Different skulls can be collected and equipped by the player to grant them unique abilities, which often aid in hectic combat scenarios. This is also true of the equipment found in the game, which grant the player a tactical edge. Some of these abilities include a time stop for all enemy movement, burst fire from your gun, or an extra jump for those treacherous leaps across chasms. The best part about collecting these items is not the abilities that they provide, but discovering how each of them works. Beyond teaching its basic control scheme, Gonner does not provide the player with an explanation for anything else; that’s up to you to figure out during your adventure. Each of the pick-ups is easily identifiable, and understanding each item’s usage is satisfying. I appreciate when games don’t teach every single mechanic to the player, instead opting to leave things up to experimentation and analysis.

 

The game’s sound design works well with its dimly-lit levels, opting for music that is a lower volume than most other rogue-lite games. The music that plays is punctuated with the strong sounds of firing bullets at your enemies until they explode, providing more ammunition and currency to use in mid-level shops. Enemies communicate their attack patterns well, and figuring these out to most effectively defeat them is crucial to success. Although it may sound odd at first, my favorite part of each level is at the very end. If every enemy in a level is cleared, the music that played throughout that entire level comes to a halt, with the player’s movement and shooting being the only audible in-game sounds. Each time I clear a room entirely of enemies, I feel a small sense of dread when the game’s music cuts out, almost making me feel like a monster. I don’t know if this is the game’s intent, as I have yet to finish it, but I like the style that is on display so far.

Gonner banner

I’m glad I gave Gonner a chance, because the platforming and shooting in this game is very satisfying. Featuring impressive sound mixing and a beautiful art style, I’m looking forward to playing more and seeing what happens during the later levels. If you are into platformers, rogue-lite games, or are just looking for something different on your Switch, definitely give this one a look.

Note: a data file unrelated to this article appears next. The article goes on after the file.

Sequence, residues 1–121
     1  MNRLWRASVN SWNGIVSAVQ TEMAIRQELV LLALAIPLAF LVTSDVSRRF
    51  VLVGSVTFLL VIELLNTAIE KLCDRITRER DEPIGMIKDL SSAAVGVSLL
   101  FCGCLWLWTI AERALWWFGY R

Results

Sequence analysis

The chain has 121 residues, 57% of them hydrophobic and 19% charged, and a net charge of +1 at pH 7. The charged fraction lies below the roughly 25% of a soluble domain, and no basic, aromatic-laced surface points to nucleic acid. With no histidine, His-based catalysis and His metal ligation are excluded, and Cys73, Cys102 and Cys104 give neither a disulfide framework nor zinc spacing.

If you’ve made it this far, thank you for reading. Please feel free to provide constructive criticism of my writing in the comments below, as I’m always looking to improve. Have a great week, all!

 

  • Matt

Why I Love The Binding of Isaac: Rebirth

Binding of Isaac Rebirth

The Binding of Isaac is a game that first released on Steam in 2011. Back then, I was playing a ton of Super Meat Boy, and followed all future game developments that occurred by the folks at Team Meat. When I heard that Edmund McMillen was working on a rogue-like Zelda-inspired indie title, I was immediately interested. For the low price of $5, I purchased The Binding of Isaac, not knowing what exactly to expect from this game. 75+ hours later, it ended up being my favorite game of 2011. Each play-through of the game’s many dungeons was different than the rest, holding my interest throughout each run. Reading online about the game’s many item pickups and trinkets kept me entertained even when I wasn’t playing the game. Shout-out to the folks over at The Binding of Isaac wiki page who put together descriptions for each item in the game. The dark and foreboding nature of the game fascinated and disgusted me, with frequent references to religion, depression, and poop. Yep, there’s a lot of poop in this game.

Three years later, and The Binding of Isaac: Rebirth, sequel to The Binding of Isaac is released as a free PlayStation Plus title for November. There was no question that I would download this game as soon as it hit the online store, but receiving it as part of the Instant Game Collection was the icing on the cake.
The Binding of Isaac: Rebirth_20141111224216

The random nature of item pickups and room layouts keeps me fascinated throughout each play-through, and the addition of saving and loading current runs is a much welcome feature. Rebirth has a ton of new item pickups in addition to the ones released as part of the original title, and the updated art style has me even more pleased with the game’s visuals. I was never a huge fan of the original game’s flash game-esque graphics, so I’m happy that Edmund and the team opted for a more retro, bit-based look for the release of Rebirth. I’ve been playing The Binding of Isaac: Rebirth since its release in November, and I can safely say I’ll be playing this one for many months to come.